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1997 Mercedes-Benz E-Class

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1997 Mercedes-Benz E-Class
Available in 3 styles:  E300 Diesel 4dr Sedan shown
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Estimated MPG

18–25.9 city / 25–32.8 hwy

Expert Reviews

    Expert Reviews 2 of 3
1997 Mercedes-Benz E-Class 4.5 13
$ -
January 4, 1997

Mighty Mercedes-Benz, besieged on all sides by luxury-car upstarts from Japan, high-end cruisers from the United States and fellow Autobahn projectiles from Germany, has been cooking up some tasty dishes lately.

While the new SLK sports car and planned sports-utility vehicle are the kind of treats that do wonders for the image, the newly redesigned E-class midsize sedan is undoubtedly the bread-and-butter that will pad the bottom line, so to speak.

And along with the beautiful new body, Mercedes has added performance tweaks that should please the most critical driving enthusiasts. Especially the E420, with its powerful V-8, solid suspension and hefty cargo of standard features.

The E420 we tested was also tricked out with Mercedes' new Sport Package, which adds some serious high-performance tires on "monobloc" alloy rims and aerodynamic body enhancements.

OK, we're talking dream car, here. This is a sports sedan of the highest order, muscle-car fast, sports-car nimble and family-car roomy, a high-performance thoroughbred wrapped in a four-door body.

It's just the ticket for the upscale driver who can't decide between the rich trappings of a top-drawer sedan and the race-car performance of a tricked-out street machine.

This Benz recalls another E-class supercar of a few years ago, the frenetic 500E, a special-edition sedan with a 322-horsepower V-8, suspension tuning by Porsche and an incredibly nasty attitude.

Now, the E420 Sport doesn't quite hit the mark set by the 500E, but it's a reasonable facsimile. It also doesn't cost $80,000, guzzle gas prodigiously or scare the neighbors.

What the Sport does offer is a road-warrior alternative to the current crop of luxury sedans, which are primarily designed to pamper wealthy human cargo in cushy comfort. Recent rides in Lincolns and Infinitis demonstrated the smooth, isolated refinement that these marques aim for, with their light power-steering systems and soft suspensions.

The typical luxury-car buyer won't like the E420. Its ride is hard, sometimes verging on harsh, and its rack-and-pinion steering is direct and well-connected to the road. The only thing operating in the same ballpark are the BMW 5-series or the Volvo 850 Turbo R, though neither have as aggressive a ride.

On the other hand, the E420's interior will pamper with the best of them. Lots of leather, yards of wood, scads of electronic gadgets, nooks, cubbies, plus the feeling of solid security that is a hallmark of every Mercedes.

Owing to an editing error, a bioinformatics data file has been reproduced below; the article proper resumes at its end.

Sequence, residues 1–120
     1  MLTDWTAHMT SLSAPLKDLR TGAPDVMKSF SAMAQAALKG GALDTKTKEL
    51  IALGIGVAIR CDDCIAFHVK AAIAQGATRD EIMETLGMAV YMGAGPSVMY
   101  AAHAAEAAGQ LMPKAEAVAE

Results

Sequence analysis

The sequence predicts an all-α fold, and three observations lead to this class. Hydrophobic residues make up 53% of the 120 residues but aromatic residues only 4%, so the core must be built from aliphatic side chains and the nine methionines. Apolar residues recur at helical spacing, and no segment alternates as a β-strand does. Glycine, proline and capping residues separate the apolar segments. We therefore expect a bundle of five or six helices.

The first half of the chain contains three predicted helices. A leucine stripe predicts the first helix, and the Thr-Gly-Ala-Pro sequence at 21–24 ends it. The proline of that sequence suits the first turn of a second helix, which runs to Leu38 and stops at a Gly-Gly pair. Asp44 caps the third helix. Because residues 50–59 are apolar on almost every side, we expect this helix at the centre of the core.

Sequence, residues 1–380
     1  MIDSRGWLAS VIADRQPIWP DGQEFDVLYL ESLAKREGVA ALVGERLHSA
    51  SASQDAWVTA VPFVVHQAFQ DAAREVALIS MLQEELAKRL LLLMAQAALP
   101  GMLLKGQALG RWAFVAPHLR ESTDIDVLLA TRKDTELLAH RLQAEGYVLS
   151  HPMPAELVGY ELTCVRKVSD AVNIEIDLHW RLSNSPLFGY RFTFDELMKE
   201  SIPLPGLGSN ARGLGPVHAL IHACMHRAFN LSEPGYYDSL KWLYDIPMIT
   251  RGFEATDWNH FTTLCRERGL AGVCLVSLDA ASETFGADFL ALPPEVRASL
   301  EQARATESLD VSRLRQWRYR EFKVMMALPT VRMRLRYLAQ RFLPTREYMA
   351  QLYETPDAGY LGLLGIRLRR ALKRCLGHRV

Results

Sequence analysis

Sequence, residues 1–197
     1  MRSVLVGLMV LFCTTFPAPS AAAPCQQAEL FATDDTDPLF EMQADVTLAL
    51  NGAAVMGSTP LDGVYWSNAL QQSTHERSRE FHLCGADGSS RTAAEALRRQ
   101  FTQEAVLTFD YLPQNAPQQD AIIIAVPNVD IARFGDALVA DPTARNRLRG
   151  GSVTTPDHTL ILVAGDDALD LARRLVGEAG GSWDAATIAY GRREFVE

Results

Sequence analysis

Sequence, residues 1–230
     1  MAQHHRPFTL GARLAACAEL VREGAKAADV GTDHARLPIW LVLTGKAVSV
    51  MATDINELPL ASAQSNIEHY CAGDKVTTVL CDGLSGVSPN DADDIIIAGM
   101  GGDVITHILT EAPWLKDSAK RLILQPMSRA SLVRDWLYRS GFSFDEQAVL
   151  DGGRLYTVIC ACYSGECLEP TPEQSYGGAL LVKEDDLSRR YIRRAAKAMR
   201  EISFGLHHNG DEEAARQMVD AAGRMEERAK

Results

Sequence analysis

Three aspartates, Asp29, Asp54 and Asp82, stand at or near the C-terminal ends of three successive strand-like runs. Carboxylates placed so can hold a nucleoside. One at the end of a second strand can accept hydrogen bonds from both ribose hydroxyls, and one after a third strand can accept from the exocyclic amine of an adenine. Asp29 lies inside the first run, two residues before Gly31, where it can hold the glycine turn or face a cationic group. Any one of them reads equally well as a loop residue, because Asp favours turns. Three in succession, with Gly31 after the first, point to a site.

All that, and a fabulous stereo.

And an air-conditioning vent that cools the inside of the center console. Go figure.

The E420 Sports also has, as standard equipment, a new five-speed automatic transmission, which enhances performance and reliability; advanced traction control; and an "electronic stability program" to fight skidding.

There are also dual front and side air bags, with a sensor on the passenger side seat so that the front airbag won't infl ate in a collision if the seat is empty or the passenger weighs less than 26 pounds.

All mighty fine stuff, all adding up to a pretty great car. Still, there are a few nits I'd like to pick.

First off, unless its raining, snowing or icing up, the traction control serves as an unwelcome intrusion. Fortunately, you can switch it off.

The outside-mirror-adjust and trunk-release buttons are set in the console where they're too easily bumped.

Also, the trunk's too small.

And the notoriously flimsy front-seat cupholders were already broken when we got our test car.

But speaking of Christmas packages, this was my set of wheels during the rigors of last minute (of course) holiday shopping, and its comfortable interior, docile low-speed behavior, parking-lot maneuverability and wonderful stereo lowered the stress level considerably.

1997 Mercedes-Benz E420

Vehicle type: Five-passenger, four-door sedan, rear-wheel-drive. Base price : $49,900. Price as tested: $56,350. Engine: 4.2-liter V-8, 275 horsepower at 5,700 rpm, 295 pound-feet of torque at 3,000 rpm. Transmission: Five-speed automatic. Curb weight: 3,748 pounds. Length: 189.4 inches. Wheelbase: 111.5 inches. Safety features: Dual front and side air bags, anti-lock brakes. EPA fuel economy: 18 mpg city, 25 mpg highway. Highs: Sparkling performance. Handsome new look Benz quality. Nice interior. Lows: No stick shift available. Ride occasionally harsh. Intrusive traction control.

    Expert Reviews 2 of 3

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